The Family Upstairs, Lisa Jewell
Lisa Jewell has become my go-to when I want a quick, suspenseful read that will leave me saying, “WHAT?” or “NOOOOOOOO! Don’t let Creepy MaGoo to to Africa with you.” Basically, she’s great. Also, I am OBSESSED with cults, so this one was right up my alley.
A Brief Synopsis:
Lucy and Henry lived in a large extravagant home with their fancy, extravagant parents. Everything was lovely…until they came.
Once they came, everything changed; turning Lucy and Henry’s lives upside down.
But now, twenty-five-year-old Libby may be the key to bringing the shattered family back together.
Now for the Good Stuff…SPOILERS Abound
The Family Upstairs is told from three different POVs in two different time periods. We have Libby and Lucy who are very much in the present and reliable. Then there’s Henry who is telling the story from both the past and sometimes the present and is unreliable as hell. Like, certainly don’t use your one phone call to phone him. Oh, he’ll likely pick you up and post your bail, but he’ll also likely poison you to varying degrees. Henry is very much one of the victims in this story, but he is also untrustworthy, making him one of the more interesting characters in this book.
So, who is the family upstairs? Well, for starters it is a bohemian musician named Birdie and her boyfriend Justin. They just need a place to crash for a bit and Martina James, the lady of the house, thinks it will be a laugh to have squatters living in the home. Months pass and they’re still there. Look, I’ve gotten many roommates this way. My current roommate, actually. LeRoux just kept showing up and then one day she never left. It happened slowly, then all at once. But she’s not a musician, an alchemist, or a cult leader, so it’s fine.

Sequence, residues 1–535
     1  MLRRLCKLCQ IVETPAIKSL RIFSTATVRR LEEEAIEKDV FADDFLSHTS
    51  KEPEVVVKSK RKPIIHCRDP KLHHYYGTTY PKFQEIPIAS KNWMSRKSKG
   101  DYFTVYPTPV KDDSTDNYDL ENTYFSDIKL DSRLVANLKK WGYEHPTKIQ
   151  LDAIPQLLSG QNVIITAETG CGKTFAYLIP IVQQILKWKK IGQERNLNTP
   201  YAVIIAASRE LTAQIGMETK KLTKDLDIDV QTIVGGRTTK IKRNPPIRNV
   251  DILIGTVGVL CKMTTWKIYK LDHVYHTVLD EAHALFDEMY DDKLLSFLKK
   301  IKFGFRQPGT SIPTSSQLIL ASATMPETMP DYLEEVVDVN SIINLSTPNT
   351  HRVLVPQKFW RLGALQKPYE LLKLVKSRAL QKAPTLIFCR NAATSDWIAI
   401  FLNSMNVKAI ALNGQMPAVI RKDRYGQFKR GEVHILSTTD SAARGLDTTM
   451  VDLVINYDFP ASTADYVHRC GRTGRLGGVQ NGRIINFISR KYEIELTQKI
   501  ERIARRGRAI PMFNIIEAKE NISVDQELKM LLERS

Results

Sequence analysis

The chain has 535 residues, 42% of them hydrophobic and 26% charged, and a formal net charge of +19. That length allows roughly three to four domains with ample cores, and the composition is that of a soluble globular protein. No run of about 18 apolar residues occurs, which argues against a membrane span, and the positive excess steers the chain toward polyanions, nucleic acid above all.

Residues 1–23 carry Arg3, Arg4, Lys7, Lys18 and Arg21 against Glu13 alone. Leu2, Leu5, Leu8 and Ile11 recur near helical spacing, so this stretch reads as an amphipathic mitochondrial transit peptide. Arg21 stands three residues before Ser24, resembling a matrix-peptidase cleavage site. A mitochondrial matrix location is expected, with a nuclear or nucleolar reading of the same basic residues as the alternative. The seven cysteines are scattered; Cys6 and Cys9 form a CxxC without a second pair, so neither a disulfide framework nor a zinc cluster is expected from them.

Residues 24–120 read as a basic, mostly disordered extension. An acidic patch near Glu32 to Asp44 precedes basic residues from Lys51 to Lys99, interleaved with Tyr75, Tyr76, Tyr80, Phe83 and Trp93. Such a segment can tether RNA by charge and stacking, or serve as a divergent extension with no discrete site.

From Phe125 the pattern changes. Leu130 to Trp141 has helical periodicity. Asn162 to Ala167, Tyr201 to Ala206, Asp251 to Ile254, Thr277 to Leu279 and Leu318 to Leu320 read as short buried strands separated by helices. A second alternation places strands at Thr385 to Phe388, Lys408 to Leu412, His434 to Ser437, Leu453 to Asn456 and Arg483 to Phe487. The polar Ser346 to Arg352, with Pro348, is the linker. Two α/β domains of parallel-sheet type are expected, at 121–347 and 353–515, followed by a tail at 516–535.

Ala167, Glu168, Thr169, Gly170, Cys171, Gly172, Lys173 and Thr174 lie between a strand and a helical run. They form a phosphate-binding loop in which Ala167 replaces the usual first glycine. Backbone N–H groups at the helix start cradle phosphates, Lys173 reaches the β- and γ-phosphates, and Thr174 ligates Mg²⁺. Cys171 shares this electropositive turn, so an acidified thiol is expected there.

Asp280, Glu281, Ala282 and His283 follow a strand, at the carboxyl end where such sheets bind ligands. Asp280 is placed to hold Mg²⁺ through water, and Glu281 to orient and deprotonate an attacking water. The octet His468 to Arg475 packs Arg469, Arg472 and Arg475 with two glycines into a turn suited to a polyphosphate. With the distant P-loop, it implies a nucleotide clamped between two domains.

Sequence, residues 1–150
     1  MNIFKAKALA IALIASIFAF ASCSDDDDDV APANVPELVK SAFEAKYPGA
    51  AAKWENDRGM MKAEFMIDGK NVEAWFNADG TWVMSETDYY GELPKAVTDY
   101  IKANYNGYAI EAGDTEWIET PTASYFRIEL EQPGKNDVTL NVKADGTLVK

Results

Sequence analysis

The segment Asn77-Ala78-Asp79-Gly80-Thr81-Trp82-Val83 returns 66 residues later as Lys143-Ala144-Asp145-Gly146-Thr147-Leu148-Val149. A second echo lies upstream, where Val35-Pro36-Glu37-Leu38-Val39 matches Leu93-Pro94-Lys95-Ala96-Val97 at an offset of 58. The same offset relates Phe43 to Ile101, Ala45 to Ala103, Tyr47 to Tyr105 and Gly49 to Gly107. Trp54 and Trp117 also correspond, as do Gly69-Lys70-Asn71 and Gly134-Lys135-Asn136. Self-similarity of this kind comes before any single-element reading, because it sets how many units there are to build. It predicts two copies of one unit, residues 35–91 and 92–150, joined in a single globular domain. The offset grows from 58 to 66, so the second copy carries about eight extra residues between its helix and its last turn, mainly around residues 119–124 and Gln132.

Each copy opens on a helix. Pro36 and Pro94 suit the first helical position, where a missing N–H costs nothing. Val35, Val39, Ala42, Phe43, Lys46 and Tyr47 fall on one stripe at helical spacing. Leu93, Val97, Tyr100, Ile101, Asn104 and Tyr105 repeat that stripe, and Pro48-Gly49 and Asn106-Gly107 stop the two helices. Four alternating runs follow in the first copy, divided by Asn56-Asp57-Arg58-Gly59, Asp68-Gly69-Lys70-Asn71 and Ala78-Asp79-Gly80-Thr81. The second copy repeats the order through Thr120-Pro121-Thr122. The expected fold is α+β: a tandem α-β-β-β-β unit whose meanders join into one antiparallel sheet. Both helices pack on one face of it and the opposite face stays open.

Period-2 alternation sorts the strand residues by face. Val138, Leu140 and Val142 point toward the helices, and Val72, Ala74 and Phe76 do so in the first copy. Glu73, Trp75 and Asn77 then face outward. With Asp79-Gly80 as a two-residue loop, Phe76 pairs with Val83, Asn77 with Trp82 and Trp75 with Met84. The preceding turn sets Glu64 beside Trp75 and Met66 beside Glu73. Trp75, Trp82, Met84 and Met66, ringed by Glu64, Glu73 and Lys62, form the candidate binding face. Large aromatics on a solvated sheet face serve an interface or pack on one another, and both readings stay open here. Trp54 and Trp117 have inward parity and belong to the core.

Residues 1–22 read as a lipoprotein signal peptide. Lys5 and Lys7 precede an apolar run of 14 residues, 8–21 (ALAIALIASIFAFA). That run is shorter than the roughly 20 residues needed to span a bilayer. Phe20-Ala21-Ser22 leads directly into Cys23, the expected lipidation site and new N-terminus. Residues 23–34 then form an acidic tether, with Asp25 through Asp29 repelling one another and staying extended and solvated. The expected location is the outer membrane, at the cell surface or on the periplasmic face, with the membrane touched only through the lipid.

Anyway, Birdie has a friend who needs to crash. Enter David, Sally, and their two children, Phinn and Clemency. So, now, the James’: Henry Sr., Martina, Henry Jr., and Lucy are kickin’ it with Birdie, Justin, and David’s crew. It’s a full house.
Everything is cool, weird, but cool, until it very much isn’t.
The James’, who were well off, begin giving everything away to charity. They don’t need possessions, the children don’t need school, or shoes, apparently. The house rules become more restrictive in some ways – the no shoes or man-made fiber thing – and looser in other ways – in that David can now bang whoever he wants in the home.
So, yeah, they’re in a cult. A small one, but a cult nonetheless.
While we’re getting this story, we’re also getting the present day story of Lucy, Henry Jr.’s sister who is now homeless with two children of her own, and Libby, a young woman who, as of her twenty-fifth birthday, is now the owner of a very large house in Chelsea. A house left to her by her birth parents. A house where three members of a cult were found dead of apparent suicide nearly twenty five years ago.
This book is full of twists and turns, conflicting stories, and belladonna. Read it. You won’t be disappointed. Unless you just love super boring books that aren’t at all about cults.